A Story Born Out of the Land

Located in Grosse Pointe Shores, Michigan, Ford House embodies the story of one of America’s most iconic families—Edsel & Eleanor Ford—and traces their legacy through critical eras in American History. Designed by renowned Detroit Architect, Albert Khan with landscaping by the celebrated Jens Jensen, the art-filled estate and its grounds invite visitors to engage in an immersive, intimate and transportive family legacy. Underpinning the House experience is the family’s deep appreciation for the arts, architecture, design, nature, community and family.


Just five years after being named a National Historical Landmark, Ford House took on its first major expansion in more than 90 years. The all-new 40,000-square-foot Visitor Center will host educational programming, exhibitions, event rentals, visitor orientation and retail.

JGA partnered with Lakeside Collaborative of New York to bring the new retail portion to life, growing from its previous size of 448 square feet housed inside one of the ground’s original garages to 1,008 square feet in the new facility. Lakeside Collaborative’s approach to mission-based retail provided merchandising and product concepts intended to build a new platform for the next wave of arts patronage. JGA evoked a compelling design to invite visitors to interact and connect with thoughtful moments in time.


As part of this renovation and rebuild, the Ford House focused on its three key pillars: Stewardship, Sustainability, and Emotional Connection through Education. The Ford’s interest in the environment and beauty of the land paired with efficiency and sustainability lead to a goal to construct a Net Zero building. With that in mind, JGA worked to extend that eco emphasis and bring the Ford story to life.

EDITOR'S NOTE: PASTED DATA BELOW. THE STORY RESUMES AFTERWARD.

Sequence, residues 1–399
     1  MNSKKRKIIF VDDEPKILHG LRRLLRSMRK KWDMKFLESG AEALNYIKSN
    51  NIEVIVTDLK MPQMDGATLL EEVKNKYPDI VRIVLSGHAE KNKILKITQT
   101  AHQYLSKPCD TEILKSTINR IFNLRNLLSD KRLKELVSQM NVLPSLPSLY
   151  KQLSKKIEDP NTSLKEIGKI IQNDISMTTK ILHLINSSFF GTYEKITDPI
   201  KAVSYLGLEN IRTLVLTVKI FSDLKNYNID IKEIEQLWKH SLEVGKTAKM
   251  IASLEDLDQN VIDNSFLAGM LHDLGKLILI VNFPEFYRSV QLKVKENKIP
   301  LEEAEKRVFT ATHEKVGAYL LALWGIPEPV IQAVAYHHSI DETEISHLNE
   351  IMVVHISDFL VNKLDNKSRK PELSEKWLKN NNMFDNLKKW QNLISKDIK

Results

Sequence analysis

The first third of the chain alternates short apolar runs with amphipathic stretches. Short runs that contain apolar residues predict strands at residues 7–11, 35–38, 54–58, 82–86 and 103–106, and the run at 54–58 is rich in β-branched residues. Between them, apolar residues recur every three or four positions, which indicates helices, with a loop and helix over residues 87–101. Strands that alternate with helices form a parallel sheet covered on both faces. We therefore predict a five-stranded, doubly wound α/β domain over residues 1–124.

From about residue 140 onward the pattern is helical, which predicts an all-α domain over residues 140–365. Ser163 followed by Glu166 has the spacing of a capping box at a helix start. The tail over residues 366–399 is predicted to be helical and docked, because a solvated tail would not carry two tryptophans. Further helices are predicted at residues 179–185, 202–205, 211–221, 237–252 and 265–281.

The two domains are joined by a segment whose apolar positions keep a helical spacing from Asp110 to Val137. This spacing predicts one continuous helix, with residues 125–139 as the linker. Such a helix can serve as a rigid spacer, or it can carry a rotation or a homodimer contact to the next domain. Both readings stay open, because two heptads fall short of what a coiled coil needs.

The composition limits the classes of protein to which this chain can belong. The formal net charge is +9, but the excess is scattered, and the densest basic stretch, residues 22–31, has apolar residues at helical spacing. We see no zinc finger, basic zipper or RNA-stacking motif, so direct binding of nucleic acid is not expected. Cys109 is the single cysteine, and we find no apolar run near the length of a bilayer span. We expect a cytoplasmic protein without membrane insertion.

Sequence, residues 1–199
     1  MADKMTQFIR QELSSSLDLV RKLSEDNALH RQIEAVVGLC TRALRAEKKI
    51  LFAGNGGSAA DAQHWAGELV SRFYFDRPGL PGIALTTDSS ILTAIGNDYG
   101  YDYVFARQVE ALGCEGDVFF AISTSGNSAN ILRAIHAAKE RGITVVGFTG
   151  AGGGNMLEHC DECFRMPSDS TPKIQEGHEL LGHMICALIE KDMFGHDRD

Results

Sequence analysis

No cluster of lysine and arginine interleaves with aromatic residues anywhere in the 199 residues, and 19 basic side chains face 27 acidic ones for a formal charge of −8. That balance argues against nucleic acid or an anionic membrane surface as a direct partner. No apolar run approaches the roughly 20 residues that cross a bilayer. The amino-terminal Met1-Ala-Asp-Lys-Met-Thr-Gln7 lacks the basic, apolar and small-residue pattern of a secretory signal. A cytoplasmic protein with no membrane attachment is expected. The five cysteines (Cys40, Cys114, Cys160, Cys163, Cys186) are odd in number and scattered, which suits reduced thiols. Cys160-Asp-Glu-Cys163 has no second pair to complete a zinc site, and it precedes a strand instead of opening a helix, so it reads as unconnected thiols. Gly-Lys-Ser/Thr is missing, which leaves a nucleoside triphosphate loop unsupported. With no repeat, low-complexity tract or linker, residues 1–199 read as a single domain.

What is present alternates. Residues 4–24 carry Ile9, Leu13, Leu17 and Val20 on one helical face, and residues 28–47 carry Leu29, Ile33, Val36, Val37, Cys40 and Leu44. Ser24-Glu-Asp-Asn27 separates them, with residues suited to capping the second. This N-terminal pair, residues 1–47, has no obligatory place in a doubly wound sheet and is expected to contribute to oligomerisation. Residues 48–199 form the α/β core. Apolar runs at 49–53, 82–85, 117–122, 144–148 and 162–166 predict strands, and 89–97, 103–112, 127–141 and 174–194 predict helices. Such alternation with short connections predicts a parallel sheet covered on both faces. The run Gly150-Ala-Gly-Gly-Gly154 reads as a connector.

“Our vision for The Shop at Ford House was to be a retail destination, not just a gift shop,” stated Amanda Rutland, Director of Visitor Experience. “A primary goal was to make sustainability a focus for everything from the fixtures to the products to the packaging. Our collaboration with JGA on the initial design concepts, along with the skills of our fabricators like Detroit-based GANAS and other partners, helped make this goal a reality.”

From the beginning, JGA took inspiration from the interior of the house. “However, we didn’t want to imitate or replicate anything,” said Andres Saavedra, JGA designer on the project. “So, we looked more into creating a design that will be timeless and will transition well throughout the years.” It’s a place that allows for stories about the Ford family and estate to be told and grow over time.

Overall very minimal commercial materials were needed since all the wood used in the space was salvaged from the trees on the property. Elm wood was repurposed to create a 19-foot-long display table that acts as the focal point. Table tops as well as the base cabinets under the display shelving in the perimeter of the space are all crafted from this legacy wood.

Ken Nisch, Chairman of JGA, noted that guests will appreciate the juxtaposition of the handcrafted millwork, with the industrial simplicity used for fixturing and finishes in the balance of the space. Albert Kahn, the creator of the Edsel and Eleanor Ford home, was known both as a builder of industry and manufacturing buildings as well as a creator of one of a kind crafted homes. His ability to work with steel, glass, concrete, and at the same time with slate and stone, are well represented within the shop. Large glass windows act as both a welcome into the center and a sneak peek into the store, and as well from the inside of the space given the floating and almost “lighter than air” fixturing, frame and highlight product, while not obscuring the beautiful gardens and landscape that exists out and through the windows of the shop itself.

Rutland states, “We are so proud of the final results. Our shop is visually stunning and creates a memorable experience for our visitors, who want to return again and again.”